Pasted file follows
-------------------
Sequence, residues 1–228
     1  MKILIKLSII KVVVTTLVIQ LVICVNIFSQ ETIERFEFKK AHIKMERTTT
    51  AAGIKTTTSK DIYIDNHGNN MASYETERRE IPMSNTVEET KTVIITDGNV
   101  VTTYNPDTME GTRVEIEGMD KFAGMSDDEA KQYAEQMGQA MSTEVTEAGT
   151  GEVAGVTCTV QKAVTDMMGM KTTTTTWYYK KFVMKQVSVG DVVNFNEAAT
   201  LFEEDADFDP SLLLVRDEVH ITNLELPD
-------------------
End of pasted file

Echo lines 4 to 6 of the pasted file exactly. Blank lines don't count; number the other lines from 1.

   101  VTTYNPDTME GTRVEIEGMD KFAGMSDDEA KQYAEQMGQA MSTEVTEAGT
   151  GEVAGVTCTV QKAVTDMMGM KTTTTTWYYK KFVMKQVSVG DVVNFNEAAT
   201  LFEEDADFDP SLLLVRDEVH ITNLELPD